Yesterday after school, my 4th-grade daughter was talking about Abraham Lincoln. She recounted the story of how he was assassinated in a theater, by a man named Booth, who jumped to the stage and broke his leg. Impressed, Susan asked her, “Why was he assassinated?” She thought for a moment and then answered, “Because he freed the slaves.”

Out of the mouths of babes. She learned this in school, here in the South. It’s a simplistic answer no doubt, but profound. Others might answer state’s rights, but the bottom line is, the right states wanted was to own slaves. Secession began the instant an abolitionist became president.

As we talked my mind ran to Oscar Romero, also assassinated. I have just this month been to El Salvador. (See recent posts.) Romero was assassinated because he spoke out against injustice, especially on behalf of the government. He spoke out against violence, corruption, systematic oppression of the people, and U.S. collusion in all of this. (In my ear rings something I’ve heard a few times in my short four years in this office: “Bishop, don’t be political. Stick to preachin’.”) Any time anyone speaks out against injustice, those who benefit most from the system are incensed.

Abraham Lincoln
Oscar Romero
Martin Luther King
John F. Kennedy
Gandhi
Jesus

Why were they killed? What is the pattern. Romero, King, Gandhi and Jesus were pacifists. They weren’t a threat to anyone. Or were they?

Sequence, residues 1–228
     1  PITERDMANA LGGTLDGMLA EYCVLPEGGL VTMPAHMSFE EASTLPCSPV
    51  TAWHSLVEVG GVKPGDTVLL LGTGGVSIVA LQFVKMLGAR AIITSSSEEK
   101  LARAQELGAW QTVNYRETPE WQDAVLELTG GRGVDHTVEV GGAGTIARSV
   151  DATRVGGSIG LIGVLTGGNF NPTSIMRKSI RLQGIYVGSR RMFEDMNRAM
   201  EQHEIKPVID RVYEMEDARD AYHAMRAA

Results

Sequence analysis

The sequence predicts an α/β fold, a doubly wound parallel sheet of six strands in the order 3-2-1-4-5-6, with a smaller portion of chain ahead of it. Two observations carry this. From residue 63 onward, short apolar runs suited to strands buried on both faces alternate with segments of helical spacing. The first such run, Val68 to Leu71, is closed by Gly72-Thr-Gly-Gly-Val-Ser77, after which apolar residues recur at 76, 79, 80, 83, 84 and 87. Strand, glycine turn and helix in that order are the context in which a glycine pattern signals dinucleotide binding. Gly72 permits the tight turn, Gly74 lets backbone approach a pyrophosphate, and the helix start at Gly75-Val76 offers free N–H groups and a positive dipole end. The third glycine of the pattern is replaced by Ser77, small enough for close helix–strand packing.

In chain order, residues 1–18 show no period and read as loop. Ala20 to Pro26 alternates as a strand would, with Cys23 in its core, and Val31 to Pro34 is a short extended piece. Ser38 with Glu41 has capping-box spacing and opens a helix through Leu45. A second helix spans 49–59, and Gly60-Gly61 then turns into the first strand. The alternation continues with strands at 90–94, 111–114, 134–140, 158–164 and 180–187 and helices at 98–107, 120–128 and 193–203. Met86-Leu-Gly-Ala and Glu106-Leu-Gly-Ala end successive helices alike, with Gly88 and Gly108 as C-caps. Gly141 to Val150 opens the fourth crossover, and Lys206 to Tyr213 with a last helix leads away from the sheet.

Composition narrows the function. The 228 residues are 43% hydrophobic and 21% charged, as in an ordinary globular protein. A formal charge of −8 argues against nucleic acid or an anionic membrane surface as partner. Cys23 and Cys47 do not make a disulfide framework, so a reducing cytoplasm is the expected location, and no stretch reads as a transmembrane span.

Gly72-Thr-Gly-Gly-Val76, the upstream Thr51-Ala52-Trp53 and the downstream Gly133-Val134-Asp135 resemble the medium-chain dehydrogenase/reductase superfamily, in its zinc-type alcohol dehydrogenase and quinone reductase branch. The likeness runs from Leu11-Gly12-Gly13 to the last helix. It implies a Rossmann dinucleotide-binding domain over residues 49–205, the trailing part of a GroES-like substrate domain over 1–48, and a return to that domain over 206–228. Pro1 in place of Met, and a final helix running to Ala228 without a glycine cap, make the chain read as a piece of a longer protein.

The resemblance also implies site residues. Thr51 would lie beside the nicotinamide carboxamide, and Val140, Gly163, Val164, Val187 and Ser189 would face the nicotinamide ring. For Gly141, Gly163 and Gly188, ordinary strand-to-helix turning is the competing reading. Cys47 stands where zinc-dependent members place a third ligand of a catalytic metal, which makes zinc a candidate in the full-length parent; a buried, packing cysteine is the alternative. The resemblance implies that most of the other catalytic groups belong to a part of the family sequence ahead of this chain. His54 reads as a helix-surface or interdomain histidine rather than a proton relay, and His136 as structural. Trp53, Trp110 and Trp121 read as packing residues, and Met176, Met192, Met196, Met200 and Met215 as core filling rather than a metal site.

What do they have in common? They spoke out for the poor. They spoke out against violence and corruption. They challenged systems that kept people trapped. They questioned the status quo.

Now to us. How are you questioning systems that oppress? How are you speaking out against violence? If the system is not putting pressure on you, perhaps you need to speak up, more, louder, bolder. Unless, I suppose, you think the system is fair and infallible.

Why don’t we? You’re not as likely to get assassinated as you would in 1980’s El Salvador? What are we afraid of? The powerful will be mad at us. People will not like us. We risk anger from those benefitting most from the current system. I fear we don’t speak out, no for fear of assassination, but for fear of hard conversations, and loss of status and privileges.

Speak out boldly against predatory lending practices and see what happens. Speak out against our own killing of at least 30,000 children in Iraq and see what happens. Speak out against the racist laws and quotas that keep immigrants out, keep immigrants poor and divide families, and watch what happens.

Just watch.

There is a pattern.

Or just sit quietly and let it go on, while you do nothing. Which is most like Jesus, the assassinated Jew?